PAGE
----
shave biopsy

Removal of a shallow layer of skin with a cutting instrument, e.g., a scalpel, sawing parallel to the skin surface. A shave biopsy may leave a small depression in the skin.


It should not be used to remove lesions suspected for melanoma or lesions that seem to have significant depth.

suction biopsy

A technique for obtaining tissue by aspiration, e.g., to obtain tissue from the mucosa of the stomach and intestines.

vacuum-assisted biopsy

A biopsy technique in which a hypodermic probe is placed through the skin into an organ of the body (such as the breast), and negative pressure is used to draw one or more samples into a chamber, where they are captured and removed for analysis under a microscope.
Medical Dictionary, © 2009 Farlex and Partners


A small sample of tissue, taken for microscopic examination, so that the nature of a disease process can be determined. Breast biopsies are commonly done to investigate suspicious lumps. Suspicious skin growths are normally biopsied, and in the course of surgery under general anaesthesia, it is common for biopsies to be taken. The tissue obtained is soaked in molten paraffin wax and allowed to harden into a block. Very thin slices are then cut and mounted on glass slides for staining and examination by a histopathologist.
Collins Dictionary of Medicine © Robert M. Youngson 2004, 2005


the surgical removal of small amounts of tissue for examination to aid a diagnosis.
Collins Dictionary of Biology, 3rd ed. © W. G. Hale, V. A. Saunders, J. P. Margham 2005


Removal of a small piece of tissue for microscopic examination. This is done under local anesthesia and removed by either using a scalpel or a punch, which removes a small cylindrical portion of tissue.
Gale Encyclopedia of Medicine. Copyright 2008 The Gale Group, Inc. All rights reserved.


1. Process of removing tissue from patients for diagnostic examination.
2. A specimen obtained by biopsy.
[bio- + G. opsis, vision]
Medical Dictionary for the Dental Professions © Farlex 2012

Patient discussion about Biopsy

Q. I have seen that there are many types of biopsy done for a breast cancer patient…….. I have seen that there are many types of biopsy done for a breast cancer patient…….. On what basis they decide the mode of treatment?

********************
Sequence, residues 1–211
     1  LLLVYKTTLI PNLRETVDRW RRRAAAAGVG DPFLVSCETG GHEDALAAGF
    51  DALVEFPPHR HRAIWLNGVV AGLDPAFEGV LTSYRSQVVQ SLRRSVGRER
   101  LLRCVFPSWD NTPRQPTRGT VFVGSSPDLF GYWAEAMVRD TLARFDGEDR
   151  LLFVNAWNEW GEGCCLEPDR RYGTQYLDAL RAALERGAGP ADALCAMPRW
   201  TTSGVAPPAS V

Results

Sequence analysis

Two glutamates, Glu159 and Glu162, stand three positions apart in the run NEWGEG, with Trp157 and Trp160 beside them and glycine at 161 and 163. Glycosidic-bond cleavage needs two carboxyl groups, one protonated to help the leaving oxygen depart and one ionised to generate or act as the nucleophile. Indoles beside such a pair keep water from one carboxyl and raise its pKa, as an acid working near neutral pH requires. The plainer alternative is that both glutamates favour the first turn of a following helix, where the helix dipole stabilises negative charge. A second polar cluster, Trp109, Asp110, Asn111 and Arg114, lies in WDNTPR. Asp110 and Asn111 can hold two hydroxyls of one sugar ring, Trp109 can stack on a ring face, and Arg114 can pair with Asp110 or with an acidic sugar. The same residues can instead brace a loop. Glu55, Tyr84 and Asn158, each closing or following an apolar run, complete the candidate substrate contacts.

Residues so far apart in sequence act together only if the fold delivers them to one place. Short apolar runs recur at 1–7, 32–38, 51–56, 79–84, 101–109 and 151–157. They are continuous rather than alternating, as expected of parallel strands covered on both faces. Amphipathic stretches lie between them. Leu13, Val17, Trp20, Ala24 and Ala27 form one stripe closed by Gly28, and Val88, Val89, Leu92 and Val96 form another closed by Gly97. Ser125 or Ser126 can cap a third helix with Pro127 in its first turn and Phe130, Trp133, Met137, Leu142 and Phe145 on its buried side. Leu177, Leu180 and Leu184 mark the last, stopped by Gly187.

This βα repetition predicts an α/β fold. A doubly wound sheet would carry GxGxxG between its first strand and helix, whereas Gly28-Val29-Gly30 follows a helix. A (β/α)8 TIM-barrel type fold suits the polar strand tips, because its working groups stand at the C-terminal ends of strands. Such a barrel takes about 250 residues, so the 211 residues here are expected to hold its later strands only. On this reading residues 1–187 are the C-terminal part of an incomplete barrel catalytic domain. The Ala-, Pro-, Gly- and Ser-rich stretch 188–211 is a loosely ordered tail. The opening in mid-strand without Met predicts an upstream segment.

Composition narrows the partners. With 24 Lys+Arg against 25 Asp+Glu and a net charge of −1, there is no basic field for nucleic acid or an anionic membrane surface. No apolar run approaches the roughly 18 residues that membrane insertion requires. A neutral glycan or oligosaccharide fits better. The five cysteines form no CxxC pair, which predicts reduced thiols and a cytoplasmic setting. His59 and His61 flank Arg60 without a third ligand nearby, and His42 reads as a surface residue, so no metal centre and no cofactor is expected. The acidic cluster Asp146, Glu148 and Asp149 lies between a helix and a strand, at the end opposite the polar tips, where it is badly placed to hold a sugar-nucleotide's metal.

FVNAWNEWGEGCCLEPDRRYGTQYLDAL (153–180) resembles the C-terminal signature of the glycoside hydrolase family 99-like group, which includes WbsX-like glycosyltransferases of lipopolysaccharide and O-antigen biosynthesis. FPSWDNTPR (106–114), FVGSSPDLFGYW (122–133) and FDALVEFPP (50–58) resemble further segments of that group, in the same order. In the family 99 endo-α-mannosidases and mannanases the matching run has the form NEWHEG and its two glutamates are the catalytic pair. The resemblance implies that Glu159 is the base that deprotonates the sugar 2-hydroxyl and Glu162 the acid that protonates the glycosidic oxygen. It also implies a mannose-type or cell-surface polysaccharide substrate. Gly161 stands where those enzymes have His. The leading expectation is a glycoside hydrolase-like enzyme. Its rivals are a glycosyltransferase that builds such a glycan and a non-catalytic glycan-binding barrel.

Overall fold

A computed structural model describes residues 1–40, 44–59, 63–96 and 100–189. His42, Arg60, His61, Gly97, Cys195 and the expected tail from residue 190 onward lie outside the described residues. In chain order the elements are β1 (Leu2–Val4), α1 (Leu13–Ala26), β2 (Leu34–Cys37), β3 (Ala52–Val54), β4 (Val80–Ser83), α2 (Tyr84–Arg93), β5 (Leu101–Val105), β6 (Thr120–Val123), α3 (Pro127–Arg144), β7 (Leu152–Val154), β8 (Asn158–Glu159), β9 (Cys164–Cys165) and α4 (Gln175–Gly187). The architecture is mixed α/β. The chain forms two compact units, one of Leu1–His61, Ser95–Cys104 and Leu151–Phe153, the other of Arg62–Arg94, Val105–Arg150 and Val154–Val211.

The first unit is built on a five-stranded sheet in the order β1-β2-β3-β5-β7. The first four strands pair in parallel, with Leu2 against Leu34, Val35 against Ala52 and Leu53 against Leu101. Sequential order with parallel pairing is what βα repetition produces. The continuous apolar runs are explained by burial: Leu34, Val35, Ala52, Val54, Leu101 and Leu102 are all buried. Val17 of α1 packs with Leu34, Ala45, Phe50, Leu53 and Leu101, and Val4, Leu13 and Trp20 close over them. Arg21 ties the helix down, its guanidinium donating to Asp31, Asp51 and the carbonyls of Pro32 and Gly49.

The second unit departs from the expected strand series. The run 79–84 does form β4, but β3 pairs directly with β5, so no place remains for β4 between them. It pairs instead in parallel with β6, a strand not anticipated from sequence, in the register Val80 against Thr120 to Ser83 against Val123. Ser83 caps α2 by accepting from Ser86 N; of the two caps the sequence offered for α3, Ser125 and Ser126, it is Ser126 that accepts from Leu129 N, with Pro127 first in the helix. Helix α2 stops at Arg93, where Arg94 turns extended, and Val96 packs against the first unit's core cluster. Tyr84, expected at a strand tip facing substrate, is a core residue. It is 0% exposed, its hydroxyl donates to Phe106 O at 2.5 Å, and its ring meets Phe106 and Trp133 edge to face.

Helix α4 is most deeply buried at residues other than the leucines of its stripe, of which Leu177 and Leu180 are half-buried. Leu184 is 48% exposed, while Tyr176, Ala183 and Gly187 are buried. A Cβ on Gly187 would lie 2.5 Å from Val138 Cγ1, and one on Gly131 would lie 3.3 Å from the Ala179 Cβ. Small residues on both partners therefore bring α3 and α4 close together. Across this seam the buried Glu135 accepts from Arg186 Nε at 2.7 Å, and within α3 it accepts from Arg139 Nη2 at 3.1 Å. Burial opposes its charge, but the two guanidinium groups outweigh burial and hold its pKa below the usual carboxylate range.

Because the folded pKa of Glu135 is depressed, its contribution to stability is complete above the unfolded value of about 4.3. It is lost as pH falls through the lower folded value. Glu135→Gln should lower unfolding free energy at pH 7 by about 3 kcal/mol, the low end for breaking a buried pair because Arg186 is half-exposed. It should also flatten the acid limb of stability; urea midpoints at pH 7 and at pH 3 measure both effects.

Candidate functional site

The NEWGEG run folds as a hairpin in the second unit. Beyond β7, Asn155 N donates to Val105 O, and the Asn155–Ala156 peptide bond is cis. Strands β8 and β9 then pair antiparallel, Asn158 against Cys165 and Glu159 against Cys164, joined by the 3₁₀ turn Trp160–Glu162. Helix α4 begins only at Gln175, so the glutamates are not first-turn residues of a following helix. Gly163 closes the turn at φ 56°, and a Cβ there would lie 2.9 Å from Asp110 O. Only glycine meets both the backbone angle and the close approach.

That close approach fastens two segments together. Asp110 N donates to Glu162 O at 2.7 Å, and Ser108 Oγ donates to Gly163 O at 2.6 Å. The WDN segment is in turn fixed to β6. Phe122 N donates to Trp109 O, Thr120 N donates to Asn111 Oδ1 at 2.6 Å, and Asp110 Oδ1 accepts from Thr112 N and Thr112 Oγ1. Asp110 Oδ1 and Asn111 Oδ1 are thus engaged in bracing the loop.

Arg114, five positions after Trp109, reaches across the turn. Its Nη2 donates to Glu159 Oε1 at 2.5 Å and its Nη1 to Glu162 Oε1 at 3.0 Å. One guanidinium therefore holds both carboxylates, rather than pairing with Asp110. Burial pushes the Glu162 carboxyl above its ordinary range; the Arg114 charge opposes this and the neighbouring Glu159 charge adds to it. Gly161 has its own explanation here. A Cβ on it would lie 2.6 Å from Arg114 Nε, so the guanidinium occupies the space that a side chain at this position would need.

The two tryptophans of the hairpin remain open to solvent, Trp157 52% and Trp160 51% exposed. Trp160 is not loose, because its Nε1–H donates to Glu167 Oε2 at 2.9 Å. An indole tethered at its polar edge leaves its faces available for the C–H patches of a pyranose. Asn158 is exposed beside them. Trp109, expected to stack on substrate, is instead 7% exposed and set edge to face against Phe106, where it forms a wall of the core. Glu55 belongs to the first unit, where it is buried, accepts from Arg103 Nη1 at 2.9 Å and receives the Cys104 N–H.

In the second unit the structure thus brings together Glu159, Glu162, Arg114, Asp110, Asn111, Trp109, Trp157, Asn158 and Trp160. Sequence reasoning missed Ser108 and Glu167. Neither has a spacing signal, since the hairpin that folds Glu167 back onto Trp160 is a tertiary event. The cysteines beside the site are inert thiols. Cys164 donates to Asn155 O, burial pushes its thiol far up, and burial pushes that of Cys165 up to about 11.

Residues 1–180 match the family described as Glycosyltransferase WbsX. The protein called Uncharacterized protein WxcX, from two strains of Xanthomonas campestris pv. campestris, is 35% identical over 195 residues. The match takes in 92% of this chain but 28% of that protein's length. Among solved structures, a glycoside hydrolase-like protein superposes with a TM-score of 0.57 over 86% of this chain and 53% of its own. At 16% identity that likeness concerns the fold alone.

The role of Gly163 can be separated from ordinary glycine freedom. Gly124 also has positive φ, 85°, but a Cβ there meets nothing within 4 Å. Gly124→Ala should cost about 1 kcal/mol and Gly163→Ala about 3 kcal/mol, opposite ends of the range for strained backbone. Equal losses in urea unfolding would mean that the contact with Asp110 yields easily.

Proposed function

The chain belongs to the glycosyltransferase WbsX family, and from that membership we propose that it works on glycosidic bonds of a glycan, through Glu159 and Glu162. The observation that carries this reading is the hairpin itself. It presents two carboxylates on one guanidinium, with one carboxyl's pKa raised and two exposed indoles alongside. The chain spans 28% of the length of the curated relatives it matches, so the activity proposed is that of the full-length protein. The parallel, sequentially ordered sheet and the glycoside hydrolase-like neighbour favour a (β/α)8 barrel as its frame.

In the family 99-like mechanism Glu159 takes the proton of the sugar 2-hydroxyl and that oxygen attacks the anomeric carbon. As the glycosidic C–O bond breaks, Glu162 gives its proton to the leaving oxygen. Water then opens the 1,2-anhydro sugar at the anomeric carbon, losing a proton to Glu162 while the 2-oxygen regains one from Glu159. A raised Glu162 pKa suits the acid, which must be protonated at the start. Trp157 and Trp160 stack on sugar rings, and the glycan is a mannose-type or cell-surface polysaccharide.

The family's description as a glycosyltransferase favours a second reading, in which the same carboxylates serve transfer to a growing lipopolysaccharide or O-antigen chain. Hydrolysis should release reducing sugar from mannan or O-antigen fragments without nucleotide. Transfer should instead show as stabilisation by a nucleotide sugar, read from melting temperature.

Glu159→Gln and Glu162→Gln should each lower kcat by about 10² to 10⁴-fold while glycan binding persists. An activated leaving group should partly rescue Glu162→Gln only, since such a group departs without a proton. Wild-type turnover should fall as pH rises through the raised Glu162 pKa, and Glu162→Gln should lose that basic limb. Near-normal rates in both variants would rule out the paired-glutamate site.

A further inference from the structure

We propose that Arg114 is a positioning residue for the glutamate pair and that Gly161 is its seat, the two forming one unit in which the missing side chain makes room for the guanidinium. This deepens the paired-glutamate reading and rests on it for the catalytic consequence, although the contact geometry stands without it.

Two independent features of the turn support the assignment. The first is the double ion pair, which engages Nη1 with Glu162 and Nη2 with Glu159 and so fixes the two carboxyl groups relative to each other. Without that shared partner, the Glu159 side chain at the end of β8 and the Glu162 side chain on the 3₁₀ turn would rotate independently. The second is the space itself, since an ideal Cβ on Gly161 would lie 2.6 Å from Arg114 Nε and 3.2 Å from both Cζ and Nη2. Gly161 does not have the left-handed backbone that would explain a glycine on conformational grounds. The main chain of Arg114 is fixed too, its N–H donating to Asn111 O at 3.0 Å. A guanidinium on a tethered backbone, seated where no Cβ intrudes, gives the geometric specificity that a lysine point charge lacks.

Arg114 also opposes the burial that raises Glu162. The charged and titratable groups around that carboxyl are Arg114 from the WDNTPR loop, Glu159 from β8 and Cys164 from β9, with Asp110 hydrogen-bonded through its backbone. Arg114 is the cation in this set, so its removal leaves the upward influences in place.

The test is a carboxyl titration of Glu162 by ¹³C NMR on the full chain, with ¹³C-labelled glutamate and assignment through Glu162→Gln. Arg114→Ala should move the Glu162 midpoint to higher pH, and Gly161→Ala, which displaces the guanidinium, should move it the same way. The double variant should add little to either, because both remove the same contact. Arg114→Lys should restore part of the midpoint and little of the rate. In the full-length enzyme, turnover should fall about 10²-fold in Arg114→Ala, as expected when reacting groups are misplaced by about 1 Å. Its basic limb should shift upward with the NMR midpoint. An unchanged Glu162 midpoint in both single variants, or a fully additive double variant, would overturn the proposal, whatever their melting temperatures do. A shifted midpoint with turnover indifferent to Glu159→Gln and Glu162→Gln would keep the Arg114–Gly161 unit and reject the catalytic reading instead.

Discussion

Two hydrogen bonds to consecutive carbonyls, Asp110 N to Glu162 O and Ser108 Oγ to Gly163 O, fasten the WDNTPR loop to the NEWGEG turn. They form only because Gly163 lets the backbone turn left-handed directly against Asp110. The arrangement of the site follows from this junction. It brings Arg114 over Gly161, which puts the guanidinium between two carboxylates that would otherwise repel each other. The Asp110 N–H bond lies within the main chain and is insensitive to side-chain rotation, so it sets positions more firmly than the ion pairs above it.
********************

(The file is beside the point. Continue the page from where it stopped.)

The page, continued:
A. on what stage of development the cancer is, did it spread over to lymph nodes, the type of the breast cancer, estrogen-receptor levels, the aggressiveness of the tumor and even the woman's age...

Q. What are side effects after you have had a temporal arteritis biopsy?

A. like every biopsy- when there are anatomical variations you might cause damage. but that is fairly rare...from what i remember it's a very safe procedure.

Q. I had a breast biopsy and I am wondering what could be the chances for me to have breast cancer? I am 23 years female and new to this site. Last week I had a breast biopsy and I am wondering what could be the chances for me to have breast cancer? Any idea……

More discussions about Biopsy
This content is provided by iMedix and is subject to iMedix Terms. The Questions and Answers are not endorsed or recommended and are made available by patients, not doctors.
References in periodicals archive ?
A total of 150 patients had ultrasound-guided biopsy procedure (TTFNAB + TTTCB) performed during the study period.
Transrectal ultrasound-guided biopsy of the prostate: should warfarin be stopped before the procedure?
Ultrasound-guided biopsy for the diagnosis of hepatocellular carcinoma--a study based on 420 patients.
During an ultrasound-guided biopsy using the new method, the patient is in a supine position.
Anterior rectal wall hematoma: complication of transrectal ultrasound-guided biopsy of prostate.
Clinical history often narrows the differential diagnosis; however, ultrasound-guided biopsy may be required for definitive diagnosis.
Serving more than 600,000 patients each year, both Solis Mammography and Washington Radiology offer dedicated experts in breast screening and diagnostic mammography (2-D and 3-D), breast ultrasound, stereotactic biopsy and ultrasound-guided biopsy. In addition, Washington Radiology offers a full range of diagnostic imaging services including general ultrasound, general biopsy, X-ray, MRI and CT imaging.
Location of Prostate Cancers Determined by Multiparametric and MRI-Guided Biopsy in Patients With Elevated Prostate-Specific Antigen Level and at Least One Negative Transrectal Ultrasound-Guided Biopsy. AJR Am J Roentgenol 2015;205:57-63.
Informed written consent for the ultrasound-guided biopsy procedures was obtained from each patient.
Swain, "Endoscopic ultrasound-guided biopsy for the diagnosis of focal lesions of the spleen," The American Journal of Gastroenterology, vol.

Full browser ?